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Failure to (Re)Launch: Top Rebranding Mistakes to Avoid

Failing to Plan is Planning to Fail

In a crowded, constantly changing marketplace, every brand must change to keep pace with the competition and stay relevant to target audiences. Certainly, a re-brand is one way to accomplish this. But re-branding isn’t without its risks – a re-brand that goes off the rails can be a costly, damaging blunder that leaves you in a worse position than before you started.

Fortunately, most re-branding failures are due to unforced errors that can be avoided with sufficient care and forethought. Let’s look at a few of the more common mistakes that can turn a well-intentioned re-branding effort into a disaster…

A Few Re-Branding Mistakes to Avoid:

Not Doing Your Homework
This one’s a no-brainer – if you’re making big changes to your brand without doing the appropriate research and planning beforehand, you’re setting yourself up for failure. It’s important to know your market and your competition, and to have clear objectives and goals for the re-brand. Why are you re-branding? What do you hope to achieve?

Disorganized Roll-out of Your New Brand
When re-branding, consistency is key. If you’re changing your logo, brand colors, typography, or other visual components of your brand, you’ve got to do it across the board, and all at once. From web design, to printed marketing materials, stationery, company uniforms, and so on – any aspect of your operation that faces the public needs to reflect your new brand.

Radically Changing Your Aesthetic but Not Your Brand Story
This sometimes happens when brands misunderstand the difference between re-branding and refreshing a brand.  A big-time change in your branding should reflect big changes in your underlying brand story. Otherwise, you’re better off making minor adjustments. If you’re “going big” with aesthetic changes, but delivering the same old experience to your customers, it might not be received well.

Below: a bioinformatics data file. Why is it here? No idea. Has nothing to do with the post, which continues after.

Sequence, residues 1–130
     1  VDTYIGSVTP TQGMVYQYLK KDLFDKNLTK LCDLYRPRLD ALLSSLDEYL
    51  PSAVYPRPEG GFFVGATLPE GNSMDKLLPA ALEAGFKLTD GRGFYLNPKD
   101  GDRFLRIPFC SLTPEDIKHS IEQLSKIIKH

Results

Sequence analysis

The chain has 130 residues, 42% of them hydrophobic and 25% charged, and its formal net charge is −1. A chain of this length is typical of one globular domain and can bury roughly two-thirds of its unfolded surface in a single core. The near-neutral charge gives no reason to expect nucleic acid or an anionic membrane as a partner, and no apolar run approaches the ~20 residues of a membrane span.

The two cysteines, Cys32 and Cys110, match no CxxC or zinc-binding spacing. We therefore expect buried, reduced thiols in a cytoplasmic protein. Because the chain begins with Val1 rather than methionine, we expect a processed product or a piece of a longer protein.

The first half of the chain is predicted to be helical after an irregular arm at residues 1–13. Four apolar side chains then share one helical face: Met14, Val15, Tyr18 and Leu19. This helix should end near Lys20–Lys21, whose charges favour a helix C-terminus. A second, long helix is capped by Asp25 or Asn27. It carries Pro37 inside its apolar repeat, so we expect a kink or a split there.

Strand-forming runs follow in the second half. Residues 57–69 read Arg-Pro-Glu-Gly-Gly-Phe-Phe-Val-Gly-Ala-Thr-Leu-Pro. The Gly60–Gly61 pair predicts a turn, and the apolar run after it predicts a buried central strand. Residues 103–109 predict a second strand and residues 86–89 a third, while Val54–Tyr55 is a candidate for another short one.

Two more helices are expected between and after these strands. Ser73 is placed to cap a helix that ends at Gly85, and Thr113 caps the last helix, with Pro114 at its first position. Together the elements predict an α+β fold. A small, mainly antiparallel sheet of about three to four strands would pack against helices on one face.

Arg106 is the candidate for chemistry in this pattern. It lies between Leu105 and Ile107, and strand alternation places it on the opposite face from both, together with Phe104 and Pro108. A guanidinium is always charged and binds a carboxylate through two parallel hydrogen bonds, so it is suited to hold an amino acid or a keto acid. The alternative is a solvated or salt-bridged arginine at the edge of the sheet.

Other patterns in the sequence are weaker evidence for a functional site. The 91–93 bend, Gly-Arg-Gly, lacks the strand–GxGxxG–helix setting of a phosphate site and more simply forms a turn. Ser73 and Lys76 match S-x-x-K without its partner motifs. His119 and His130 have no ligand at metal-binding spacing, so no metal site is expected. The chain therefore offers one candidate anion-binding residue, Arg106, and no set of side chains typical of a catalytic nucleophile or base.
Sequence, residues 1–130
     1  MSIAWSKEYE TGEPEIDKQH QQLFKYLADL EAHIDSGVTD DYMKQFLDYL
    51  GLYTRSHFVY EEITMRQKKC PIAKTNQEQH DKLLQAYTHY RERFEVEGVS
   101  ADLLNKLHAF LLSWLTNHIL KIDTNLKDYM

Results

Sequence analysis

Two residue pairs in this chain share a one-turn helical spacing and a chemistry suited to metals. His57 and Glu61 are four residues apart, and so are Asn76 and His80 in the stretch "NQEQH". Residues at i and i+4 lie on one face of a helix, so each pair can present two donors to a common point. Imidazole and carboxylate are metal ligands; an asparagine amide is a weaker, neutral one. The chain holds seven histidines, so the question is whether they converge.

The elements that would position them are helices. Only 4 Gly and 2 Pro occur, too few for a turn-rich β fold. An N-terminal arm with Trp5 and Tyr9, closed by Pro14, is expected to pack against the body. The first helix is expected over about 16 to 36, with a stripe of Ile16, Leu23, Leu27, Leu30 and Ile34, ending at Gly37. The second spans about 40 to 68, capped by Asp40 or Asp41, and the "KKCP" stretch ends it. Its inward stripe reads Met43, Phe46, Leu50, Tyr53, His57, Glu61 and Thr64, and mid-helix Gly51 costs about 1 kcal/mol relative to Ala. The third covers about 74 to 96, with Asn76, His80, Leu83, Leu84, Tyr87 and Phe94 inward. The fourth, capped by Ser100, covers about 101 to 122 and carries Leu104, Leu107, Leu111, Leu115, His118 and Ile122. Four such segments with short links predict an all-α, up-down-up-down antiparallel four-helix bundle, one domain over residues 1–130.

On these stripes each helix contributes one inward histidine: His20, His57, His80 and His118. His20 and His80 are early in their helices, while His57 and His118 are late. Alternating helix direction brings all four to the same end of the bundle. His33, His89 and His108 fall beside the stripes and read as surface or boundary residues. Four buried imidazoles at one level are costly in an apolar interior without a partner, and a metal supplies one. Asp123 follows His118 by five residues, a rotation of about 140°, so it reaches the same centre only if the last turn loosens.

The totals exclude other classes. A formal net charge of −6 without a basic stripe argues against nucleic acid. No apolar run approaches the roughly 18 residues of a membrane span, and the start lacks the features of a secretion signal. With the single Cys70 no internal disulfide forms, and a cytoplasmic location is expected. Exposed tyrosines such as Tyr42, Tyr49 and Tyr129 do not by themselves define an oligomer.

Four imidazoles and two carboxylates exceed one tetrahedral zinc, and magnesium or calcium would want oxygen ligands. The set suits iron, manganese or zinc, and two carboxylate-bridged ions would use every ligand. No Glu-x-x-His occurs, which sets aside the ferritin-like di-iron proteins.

Overlooking Customer Loyalty to Your Existing Brand
Or, as the saying goes, “if it ain’t broke, don’t fix it.” Sometimes, brands get so swept up in the allure of a fresh new image that they forget the attachment that customers have to their existing brand. Prominent examples of this in recent years include Tropicana’s failed 2009 packaging redesign, blamed for a 20% drop in sales, and Gap’s disastrous 2010 re-brand, which they walked back in mere days.

If you’re considering a re-brand, and you feel that you need a hand, contact us at Rosie’s Creative today. We’ll put our heads together and determine the best strategy that’s tailored to your brand, speaks to your audience, and helps meet your goals.

Ready to get started? Your first consultation with us is always free.

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